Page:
Sail Canada ‰ÛÏOn Deck‰Û:

For people who have never heard of Kite Foiling, explain why you like it so much?

Mac Morrin: I‰Ûªve always been competitive and love spending time on the water. With the fast-paced and intense nature of kiteboarding, the racing is never boring and I have fun every time I go out on the water.

Sail Canada ‰ÛÏOn Deck‰Û:

You are also a registered nurse in Ontario. What was it like working at the height of the COVID-19 pandemic?

Mac Morrin: The past 20 months or so have been a pretty wild ride. In March of 2020, when the pandemic hit, I was in Mexico training for kiteboarding. With borders starting to close and the healthcare system in crisis, I quickly returned to Canada.

Like many nurses in Canada, my work was very stressful and I had to take on new roles as I was relocated multiple times due to staffing needs.

Sail Canada ‰ÛÏOn Deck‰Û:

Where do you usually work, where did you work during the peak of the pandemic and did you come across any patients who had COVID-19?

Mac Morrin: I work as a nurse for the federal government, in a correctional facility. As I‰Ûªm sure you can imagine, working at a correctional facility is quite stressful on the best of days. COVID-19 exacerbated these existing stressors and presented new problems for myself and my team to deal with. I spent most of my day shifts during the pandemic testing patients and staff, and I spent my night shifts providing front line care. I did work with some COVID-19 patients but fortunately, we were able to limit the spread and prevent serious illness.

Sail Canada ‰ÛÏOn Deck‰Û:

What is your most vivid memory from the COVID-19 pandemic?

Mac Morrin: I‰Ûªm not sure what I remember specifically but it made me reflect on what is important to me. Not being able to spend time with friends and family was hard. I am glad to see that we are making progress towards recovery.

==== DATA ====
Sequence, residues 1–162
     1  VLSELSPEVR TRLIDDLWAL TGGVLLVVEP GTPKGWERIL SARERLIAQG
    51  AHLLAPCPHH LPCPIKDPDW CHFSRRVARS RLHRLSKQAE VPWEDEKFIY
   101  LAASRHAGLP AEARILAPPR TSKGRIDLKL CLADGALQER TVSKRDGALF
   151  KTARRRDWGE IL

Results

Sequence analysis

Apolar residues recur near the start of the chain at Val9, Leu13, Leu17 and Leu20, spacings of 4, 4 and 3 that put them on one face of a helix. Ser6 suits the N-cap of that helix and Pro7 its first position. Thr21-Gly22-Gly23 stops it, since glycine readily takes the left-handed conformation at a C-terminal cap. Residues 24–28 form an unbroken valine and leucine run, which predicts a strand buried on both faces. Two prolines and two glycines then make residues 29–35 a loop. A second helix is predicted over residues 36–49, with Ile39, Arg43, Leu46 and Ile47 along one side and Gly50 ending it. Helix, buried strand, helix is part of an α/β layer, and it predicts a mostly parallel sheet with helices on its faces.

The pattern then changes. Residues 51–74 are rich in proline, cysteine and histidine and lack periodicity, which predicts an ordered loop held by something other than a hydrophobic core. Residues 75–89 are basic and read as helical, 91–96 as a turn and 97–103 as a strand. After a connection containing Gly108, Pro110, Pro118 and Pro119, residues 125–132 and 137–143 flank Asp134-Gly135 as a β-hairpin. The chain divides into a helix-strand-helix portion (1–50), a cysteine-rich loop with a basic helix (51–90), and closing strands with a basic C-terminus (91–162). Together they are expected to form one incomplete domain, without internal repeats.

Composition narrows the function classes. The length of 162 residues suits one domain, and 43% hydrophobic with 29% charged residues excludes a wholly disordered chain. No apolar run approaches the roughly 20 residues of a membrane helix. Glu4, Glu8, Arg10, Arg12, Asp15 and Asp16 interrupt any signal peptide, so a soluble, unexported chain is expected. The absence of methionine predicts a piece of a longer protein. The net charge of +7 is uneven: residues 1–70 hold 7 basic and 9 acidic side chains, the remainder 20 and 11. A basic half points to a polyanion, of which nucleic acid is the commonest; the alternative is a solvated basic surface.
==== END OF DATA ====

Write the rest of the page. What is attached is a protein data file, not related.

Sail Canada ‰ÛÏOn Deck‰Û:

Did it interfere in any way with your training?

Mac Morrin: Yes, but I was honestly thankful for having a stable job and knowing that my family and friends were healthy. I waited until there was some clarity on whether it was legal to go outside and train before going on the water. Kiteboarding has been an important part of my life since I became a nurse and it has been one way to relieve my level of work stress and to keep myself grounded.

Sail Canada ‰ÛÏOn Deck‰Û:

What would you say to someone who did not get the vaccine?

Mac Morrin: I would tell them that the vaccine is a safe and effective way to protect themselves and those around them from the serious risks posed by COVID-19. As a type 1 diabetic, I know first hand the importance of getting vaccinated not just for yourself, but to protect those who are immunocompromised around you.

Sail Canada ‰ÛÏOn Deck‰Û:

What’s next for Mac Morrin?

Mac Morrin: Once the Olympic qualification framework is released this fall, I will be able to start planning the schedule for the next few years of my campaign. For this year, I hope to spend some time training and racing in the US and Mexico.

I am excited to keep training hard and represent Canada internationally!